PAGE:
green wing

With the Sustainable Innovation Forum COP21, hosted in Paris, just around the corner, Safegate Group is focusing on leaders in green business practices in the airport industry. Just like any other business, airports have to do their part to decrease their environmental impact. Aviation produces 2% of global CO2 emissions and airports are central actors in balancing the growing demand for air transportation and concerns of local communities on this issue. Aéroports de Paris (ADP) qualifies in more ways than one as a model airport for its commitment to sustainable and environmentally conscious business practices. Safegate Group’s Alexander Herring sat down with Didier Hamon, the General Secretary of ADP, to get insight into ADP’s success and future plans in environmental and sustainable development.

An interview with Didier Hamon, General Secretary of Aéroports de Paris

Mr. Hamon has been a lecturer in several distinguished universities, served in the French government, and has devoted 22 years of his career to the aviation industry at ADP. Having served 10 years as Environment and Sustainability Director for ADP, he has considerable experience and knowledge to draw from to discuss environmental issues facing airports today. In 2013 he became General Secretary of ADP Group and has brought his expertise to this role.

What fascinates you about aviation?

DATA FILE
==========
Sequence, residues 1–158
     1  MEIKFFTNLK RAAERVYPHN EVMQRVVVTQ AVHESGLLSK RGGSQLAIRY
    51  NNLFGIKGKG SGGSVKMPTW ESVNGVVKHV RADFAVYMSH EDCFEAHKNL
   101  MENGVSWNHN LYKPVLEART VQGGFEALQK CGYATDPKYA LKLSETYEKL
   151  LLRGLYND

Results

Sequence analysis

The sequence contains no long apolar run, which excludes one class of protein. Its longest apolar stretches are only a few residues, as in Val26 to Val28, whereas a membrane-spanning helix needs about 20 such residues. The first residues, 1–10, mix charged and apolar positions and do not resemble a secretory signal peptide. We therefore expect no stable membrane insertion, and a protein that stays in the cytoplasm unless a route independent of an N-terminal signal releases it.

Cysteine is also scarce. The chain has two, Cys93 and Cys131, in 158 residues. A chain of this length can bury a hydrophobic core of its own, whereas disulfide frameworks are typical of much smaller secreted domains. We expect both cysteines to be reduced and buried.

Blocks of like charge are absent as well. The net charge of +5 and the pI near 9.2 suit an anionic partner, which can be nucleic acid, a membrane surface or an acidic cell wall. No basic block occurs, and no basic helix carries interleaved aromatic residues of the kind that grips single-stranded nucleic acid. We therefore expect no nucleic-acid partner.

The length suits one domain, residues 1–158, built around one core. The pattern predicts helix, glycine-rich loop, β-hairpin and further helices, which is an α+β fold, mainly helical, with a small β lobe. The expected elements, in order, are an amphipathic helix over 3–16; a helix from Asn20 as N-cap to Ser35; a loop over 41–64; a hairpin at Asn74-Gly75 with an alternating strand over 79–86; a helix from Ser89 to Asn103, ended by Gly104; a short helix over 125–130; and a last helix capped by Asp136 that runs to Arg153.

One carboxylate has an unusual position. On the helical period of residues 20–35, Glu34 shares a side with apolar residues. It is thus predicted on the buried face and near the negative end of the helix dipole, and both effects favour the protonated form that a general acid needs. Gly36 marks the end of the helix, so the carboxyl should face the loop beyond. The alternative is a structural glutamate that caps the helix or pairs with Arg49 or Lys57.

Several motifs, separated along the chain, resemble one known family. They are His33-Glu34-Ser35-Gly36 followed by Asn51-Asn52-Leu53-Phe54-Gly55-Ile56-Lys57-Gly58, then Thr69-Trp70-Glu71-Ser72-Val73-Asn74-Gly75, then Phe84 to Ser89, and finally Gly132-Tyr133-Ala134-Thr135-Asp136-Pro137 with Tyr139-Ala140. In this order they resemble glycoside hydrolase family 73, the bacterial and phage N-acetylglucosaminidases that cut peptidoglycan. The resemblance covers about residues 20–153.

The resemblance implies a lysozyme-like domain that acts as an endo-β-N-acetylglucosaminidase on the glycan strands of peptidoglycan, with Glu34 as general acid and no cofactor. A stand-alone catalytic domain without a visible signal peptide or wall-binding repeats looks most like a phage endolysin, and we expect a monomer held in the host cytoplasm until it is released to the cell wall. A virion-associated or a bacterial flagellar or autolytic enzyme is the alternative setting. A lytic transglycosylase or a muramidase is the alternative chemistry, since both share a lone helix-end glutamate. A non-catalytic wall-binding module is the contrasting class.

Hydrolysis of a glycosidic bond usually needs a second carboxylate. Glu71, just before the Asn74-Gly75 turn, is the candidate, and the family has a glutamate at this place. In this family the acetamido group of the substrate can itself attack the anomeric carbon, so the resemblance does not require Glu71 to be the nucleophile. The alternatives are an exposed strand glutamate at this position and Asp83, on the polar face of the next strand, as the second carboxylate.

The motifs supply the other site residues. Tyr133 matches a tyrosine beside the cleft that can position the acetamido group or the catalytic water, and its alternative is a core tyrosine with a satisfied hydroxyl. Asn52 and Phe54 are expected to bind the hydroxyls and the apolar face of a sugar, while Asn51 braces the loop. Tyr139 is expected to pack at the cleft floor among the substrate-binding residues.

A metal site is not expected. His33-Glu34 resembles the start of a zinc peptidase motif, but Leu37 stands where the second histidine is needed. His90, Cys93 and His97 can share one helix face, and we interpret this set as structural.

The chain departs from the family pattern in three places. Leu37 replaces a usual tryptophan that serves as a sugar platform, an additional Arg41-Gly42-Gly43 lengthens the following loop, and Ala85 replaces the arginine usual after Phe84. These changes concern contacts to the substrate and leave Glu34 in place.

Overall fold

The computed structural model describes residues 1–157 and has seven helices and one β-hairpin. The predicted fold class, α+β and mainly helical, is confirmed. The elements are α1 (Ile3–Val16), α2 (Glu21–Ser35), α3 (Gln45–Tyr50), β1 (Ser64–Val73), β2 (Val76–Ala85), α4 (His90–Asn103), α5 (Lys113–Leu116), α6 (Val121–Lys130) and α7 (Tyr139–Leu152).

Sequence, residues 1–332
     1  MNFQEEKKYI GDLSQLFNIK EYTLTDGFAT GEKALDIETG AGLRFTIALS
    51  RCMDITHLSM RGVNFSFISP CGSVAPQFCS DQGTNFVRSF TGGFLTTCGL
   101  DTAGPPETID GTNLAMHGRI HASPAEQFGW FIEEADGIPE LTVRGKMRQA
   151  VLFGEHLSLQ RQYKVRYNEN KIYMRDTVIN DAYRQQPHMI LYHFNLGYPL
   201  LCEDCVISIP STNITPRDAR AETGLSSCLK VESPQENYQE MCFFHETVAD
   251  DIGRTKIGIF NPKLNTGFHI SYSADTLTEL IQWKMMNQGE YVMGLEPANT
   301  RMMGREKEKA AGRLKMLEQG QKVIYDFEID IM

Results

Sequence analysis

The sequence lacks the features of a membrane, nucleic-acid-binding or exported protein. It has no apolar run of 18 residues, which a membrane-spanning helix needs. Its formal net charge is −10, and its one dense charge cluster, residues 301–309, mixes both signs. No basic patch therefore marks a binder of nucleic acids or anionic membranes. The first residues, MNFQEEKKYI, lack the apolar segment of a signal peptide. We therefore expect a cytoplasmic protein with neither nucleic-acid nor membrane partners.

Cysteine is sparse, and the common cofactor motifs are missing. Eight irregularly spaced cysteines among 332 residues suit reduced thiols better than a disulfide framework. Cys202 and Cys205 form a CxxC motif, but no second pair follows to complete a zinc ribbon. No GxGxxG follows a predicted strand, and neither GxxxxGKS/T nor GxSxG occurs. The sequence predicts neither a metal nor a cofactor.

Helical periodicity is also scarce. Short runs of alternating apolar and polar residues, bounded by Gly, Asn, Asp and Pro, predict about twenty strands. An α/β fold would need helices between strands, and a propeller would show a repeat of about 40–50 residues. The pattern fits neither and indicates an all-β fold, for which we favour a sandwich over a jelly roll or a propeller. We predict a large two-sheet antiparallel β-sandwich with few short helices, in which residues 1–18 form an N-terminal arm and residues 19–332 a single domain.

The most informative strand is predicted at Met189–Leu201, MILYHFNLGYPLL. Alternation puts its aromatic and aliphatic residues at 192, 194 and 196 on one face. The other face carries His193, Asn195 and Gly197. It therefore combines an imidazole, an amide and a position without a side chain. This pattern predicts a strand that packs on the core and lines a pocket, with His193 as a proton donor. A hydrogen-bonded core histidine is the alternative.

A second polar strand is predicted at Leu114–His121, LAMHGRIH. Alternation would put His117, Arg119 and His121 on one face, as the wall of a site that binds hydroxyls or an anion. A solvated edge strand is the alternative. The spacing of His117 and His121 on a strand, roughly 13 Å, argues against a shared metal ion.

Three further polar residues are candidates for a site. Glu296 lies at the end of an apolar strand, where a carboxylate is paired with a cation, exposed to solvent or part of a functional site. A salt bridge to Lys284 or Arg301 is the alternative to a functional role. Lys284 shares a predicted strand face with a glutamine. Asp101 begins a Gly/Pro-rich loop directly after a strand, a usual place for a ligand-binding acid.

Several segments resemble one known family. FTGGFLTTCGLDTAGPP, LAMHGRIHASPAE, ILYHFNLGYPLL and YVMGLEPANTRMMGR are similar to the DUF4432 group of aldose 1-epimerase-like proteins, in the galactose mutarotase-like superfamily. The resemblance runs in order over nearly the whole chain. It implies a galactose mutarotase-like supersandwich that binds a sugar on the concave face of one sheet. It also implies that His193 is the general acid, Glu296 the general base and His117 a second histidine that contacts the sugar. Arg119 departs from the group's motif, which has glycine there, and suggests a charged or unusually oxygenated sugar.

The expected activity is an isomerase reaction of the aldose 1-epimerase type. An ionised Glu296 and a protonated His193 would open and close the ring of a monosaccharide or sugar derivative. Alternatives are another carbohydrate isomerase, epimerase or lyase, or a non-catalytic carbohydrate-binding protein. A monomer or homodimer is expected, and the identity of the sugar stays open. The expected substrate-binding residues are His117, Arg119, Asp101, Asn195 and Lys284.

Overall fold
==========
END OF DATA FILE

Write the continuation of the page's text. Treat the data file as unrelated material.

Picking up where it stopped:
I have always been interested in aviation, it is a wonderful sector. Historically, it was the first to be exposed to globalization, meaning increasingly strong competitive forces. I believe it is very lively and is changing extremely quickly.

Concerning emissions and the environmental impact of airports, what kind of challenges are they facing today and in the future? What kind of approach do airports need?

Airports are concerned with their impact on local communities. Air quality and noise pollution issues are of course an issue, but there is more. Air quality, employment, public health – are all part of an airport’s impact. In my view, these local problems must been seen from a system perspective. They cannot be managed by an airport from only one point, but managed from a number of directions, holistically.

What is ADP’s biggest success in handling its impact on the environment and local communities? What can other airports learn from this?

Our success has been in achieving acceptance of increased air traffic in local communities. Thanks to our sustainability and corporate social responsibility policies, we’ve reached a favorable point on these issues. We understand we cannot grow without a certain degree of acceptance from the people living around our airports.
Mismanagement of sustainability and environmental impacts of an airport can become a strategic problem when local communities and thus local governments react. We learned this lesson 20 years ago when Paris Orly International Airport’s annual air traffic movements were limited to only 250,000 movements a year. Therefore, it is proven that pressure from the local stakeholders can have a negative effect on business.